Vetting your sweetheart

January 27, 2010
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With Valentine’s Day just around the corner, a Purdue University expert recommends the marriage-minded conduct some pragmatic due diligence before engagement rings find their way onto fingers.

It’s widely known that financial problems undermine many a marriage. To that end, Sharon Burns, an associate professor of consumer sciences and retailing, suggests looking for bad habits before they wreak havoc. Not easy to do during such a passionate time, maybe, but still wise. Here they are:

--Your sweetheart has borrowed lots of money from you once or has borrowed from you more than once. This can signal they’re living above their means or managing money poorly.

--He or she buys lots of the latest clothes, gadgets, cars and other luxuries. Big spending can reveal their needing a crutch to make them feel better and, ultimately, personal insecurity or lack of discipline.

--Your love needs financial help from family or friends. “Mature adults support themselves,” Burns says.

--They pay for normal living expenses with credit cards and then don’t pay the bill in full at the end of the month, a “sure sign of disaster ahead."

--They can’t hold down a job. In a normal economy, you should wonder if they’re lazy or lack self discipline.

Love is great, Burns says; blind love isn’t.

What are your thoughts on her advice? Anything you wish you’d known before tying the knot?

 

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  • Do your Due Diligence
    Conducting due diligence on your mate is similar to the due diligence you should do on hiring employees. The more you know and understand about the person, the better your decision will be!

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  1. I took Bruce's comments to highlight a glaring issue when it comes to a state's image, and therefore its overall branding. An example is Michigan vs. Indiana. Michigan has done an excellent job of following through on its branding strategy around "Pure Michigan", even down to the detail of the rest stops. Since a state's branding is often targeted to visitors, it makes sense that rest stops, being that point of first impression, should be significant. It is clear that Indiana doesn't care as much about the impression it gives visitors even though our branding as the Crossroads of America does place importance on travel. Bruce's point is quite logical and accurate.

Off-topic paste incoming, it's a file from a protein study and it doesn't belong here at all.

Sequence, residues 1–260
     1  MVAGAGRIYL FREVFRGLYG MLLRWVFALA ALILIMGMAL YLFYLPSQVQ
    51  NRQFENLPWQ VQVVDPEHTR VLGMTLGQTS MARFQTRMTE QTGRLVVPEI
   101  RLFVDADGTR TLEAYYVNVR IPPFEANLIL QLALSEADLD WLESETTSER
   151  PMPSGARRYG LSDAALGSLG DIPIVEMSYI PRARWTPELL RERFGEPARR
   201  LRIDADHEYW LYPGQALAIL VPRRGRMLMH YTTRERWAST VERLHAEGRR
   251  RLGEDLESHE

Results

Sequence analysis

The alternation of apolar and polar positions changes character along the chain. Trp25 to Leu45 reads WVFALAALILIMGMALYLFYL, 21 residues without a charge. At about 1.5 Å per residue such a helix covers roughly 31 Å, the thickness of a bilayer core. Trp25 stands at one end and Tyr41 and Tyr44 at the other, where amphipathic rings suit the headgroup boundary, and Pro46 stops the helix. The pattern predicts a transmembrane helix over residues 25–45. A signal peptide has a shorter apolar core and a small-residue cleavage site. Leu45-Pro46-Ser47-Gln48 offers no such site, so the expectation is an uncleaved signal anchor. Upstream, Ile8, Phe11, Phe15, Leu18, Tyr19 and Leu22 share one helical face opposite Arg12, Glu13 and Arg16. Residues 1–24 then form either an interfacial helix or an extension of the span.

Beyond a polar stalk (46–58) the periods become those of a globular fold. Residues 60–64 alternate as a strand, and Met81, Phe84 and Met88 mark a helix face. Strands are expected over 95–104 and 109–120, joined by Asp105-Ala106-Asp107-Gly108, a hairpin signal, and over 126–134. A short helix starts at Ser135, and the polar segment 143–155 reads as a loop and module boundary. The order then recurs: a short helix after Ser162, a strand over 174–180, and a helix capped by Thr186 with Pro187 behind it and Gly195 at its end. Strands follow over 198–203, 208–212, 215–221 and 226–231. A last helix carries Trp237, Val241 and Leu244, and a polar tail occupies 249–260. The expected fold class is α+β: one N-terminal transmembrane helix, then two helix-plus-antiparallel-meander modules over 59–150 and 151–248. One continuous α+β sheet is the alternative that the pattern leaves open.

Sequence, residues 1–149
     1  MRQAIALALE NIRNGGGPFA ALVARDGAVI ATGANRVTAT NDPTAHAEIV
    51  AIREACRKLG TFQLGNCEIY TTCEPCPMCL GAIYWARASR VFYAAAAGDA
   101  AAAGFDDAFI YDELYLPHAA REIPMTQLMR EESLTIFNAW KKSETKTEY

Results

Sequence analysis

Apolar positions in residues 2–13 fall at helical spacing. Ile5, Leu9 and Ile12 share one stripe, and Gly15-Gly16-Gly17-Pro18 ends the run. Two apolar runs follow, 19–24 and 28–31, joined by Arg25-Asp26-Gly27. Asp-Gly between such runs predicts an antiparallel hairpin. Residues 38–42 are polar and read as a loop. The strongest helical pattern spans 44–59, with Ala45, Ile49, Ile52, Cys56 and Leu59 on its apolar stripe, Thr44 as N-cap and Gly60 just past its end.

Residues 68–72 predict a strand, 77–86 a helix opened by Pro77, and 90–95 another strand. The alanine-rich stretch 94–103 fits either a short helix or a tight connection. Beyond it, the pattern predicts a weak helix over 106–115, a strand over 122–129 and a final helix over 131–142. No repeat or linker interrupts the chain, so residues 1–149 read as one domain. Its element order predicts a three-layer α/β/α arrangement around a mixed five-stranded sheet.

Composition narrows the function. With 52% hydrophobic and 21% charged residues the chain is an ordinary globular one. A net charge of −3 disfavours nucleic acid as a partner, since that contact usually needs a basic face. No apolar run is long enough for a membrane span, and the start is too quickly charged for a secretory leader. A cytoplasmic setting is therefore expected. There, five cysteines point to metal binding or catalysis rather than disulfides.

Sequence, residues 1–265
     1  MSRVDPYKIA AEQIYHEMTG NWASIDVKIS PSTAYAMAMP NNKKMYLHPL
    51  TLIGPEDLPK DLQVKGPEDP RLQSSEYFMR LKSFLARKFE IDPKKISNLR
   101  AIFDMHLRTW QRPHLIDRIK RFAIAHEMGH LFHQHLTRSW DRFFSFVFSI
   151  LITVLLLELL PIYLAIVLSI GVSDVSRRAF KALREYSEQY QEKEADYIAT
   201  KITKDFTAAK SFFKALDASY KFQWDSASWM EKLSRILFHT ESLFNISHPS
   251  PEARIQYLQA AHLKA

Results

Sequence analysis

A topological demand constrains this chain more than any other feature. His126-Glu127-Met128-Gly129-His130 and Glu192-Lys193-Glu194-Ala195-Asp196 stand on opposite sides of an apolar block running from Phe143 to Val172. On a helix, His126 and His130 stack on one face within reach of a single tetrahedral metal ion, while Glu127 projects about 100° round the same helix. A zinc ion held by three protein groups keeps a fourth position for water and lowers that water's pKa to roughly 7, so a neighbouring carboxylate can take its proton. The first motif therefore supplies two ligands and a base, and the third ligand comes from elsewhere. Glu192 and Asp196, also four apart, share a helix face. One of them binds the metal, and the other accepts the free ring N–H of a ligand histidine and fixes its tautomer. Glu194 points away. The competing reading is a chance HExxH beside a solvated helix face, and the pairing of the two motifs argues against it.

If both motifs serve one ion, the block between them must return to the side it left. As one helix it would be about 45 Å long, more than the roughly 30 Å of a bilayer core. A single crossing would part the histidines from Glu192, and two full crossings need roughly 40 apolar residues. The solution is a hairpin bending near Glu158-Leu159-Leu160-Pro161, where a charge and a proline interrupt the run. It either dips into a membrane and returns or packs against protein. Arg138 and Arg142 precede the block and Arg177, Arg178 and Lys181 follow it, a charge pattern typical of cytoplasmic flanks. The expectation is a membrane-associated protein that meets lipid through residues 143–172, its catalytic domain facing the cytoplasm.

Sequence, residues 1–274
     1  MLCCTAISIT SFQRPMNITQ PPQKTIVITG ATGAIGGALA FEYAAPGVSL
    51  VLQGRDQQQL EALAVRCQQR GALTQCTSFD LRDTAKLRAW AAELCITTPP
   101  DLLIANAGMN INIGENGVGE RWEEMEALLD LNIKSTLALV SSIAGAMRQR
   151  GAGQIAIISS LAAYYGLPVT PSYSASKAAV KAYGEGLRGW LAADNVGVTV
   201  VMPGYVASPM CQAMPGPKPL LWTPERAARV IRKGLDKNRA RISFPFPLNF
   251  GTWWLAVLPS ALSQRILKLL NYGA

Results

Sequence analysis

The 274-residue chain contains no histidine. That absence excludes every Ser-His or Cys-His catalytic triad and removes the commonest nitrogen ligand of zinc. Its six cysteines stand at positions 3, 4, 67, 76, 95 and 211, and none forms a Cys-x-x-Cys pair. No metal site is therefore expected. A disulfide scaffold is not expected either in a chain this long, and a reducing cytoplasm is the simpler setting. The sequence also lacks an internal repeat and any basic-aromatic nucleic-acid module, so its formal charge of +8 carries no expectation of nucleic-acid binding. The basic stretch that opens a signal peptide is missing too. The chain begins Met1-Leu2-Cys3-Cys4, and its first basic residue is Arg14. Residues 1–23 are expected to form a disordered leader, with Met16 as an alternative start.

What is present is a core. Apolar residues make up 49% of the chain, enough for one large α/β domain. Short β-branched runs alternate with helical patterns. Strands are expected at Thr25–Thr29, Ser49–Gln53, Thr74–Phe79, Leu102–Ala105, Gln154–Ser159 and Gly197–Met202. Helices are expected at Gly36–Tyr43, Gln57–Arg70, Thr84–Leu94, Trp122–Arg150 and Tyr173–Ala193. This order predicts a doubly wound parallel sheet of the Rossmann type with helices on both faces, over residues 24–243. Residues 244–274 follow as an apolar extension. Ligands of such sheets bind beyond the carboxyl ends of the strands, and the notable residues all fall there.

2. I appreciated the article. I guess I have become so accustomed to making my "pit stops" at places where I can ALSO get gasoline and something hot to eat, that I hardly even notice public rest stops anymore. That said, I do concur with the rationale that our rest stops (if we are to have them at all) can and should be both fiscally-responsible AND designed to make a positive impression about our state.

  3. I don't know about the rest of you but I only stop at these places for one reason, and it's not to picnic. I move trucks for dealers and have been to rest areas in most all 48 lower states. Some of ours need upgrading no doubt. Many states rest areas are much worse than ours. In the rest area on I-70 just past Richmond truckers have to hike about a quarter of a mile. When I stop I;m generally in a bit of a hurry. Convenience,not beauty, is a primary concern.

  4. Community Hospital is the only system to not have layoffs? That is not true. Because I was one of the people who was laid off from East. And all of the LPN's have been laid off. Just because their layoffs were not announced or done all together does not mean people did not lose their jobs. They cherry-picked people from departments one by one. But you add them all up and it's several hundred. And East has had a dramatic drop I in patient beds from 800 to around 125. I know because I worked there for 30 years.

  5. I have obtained my 6 gallon badge for my donation of A Positive blood. I'm sorry to hear that my donation was nothing but a profit center for the Indiana Blood Center.

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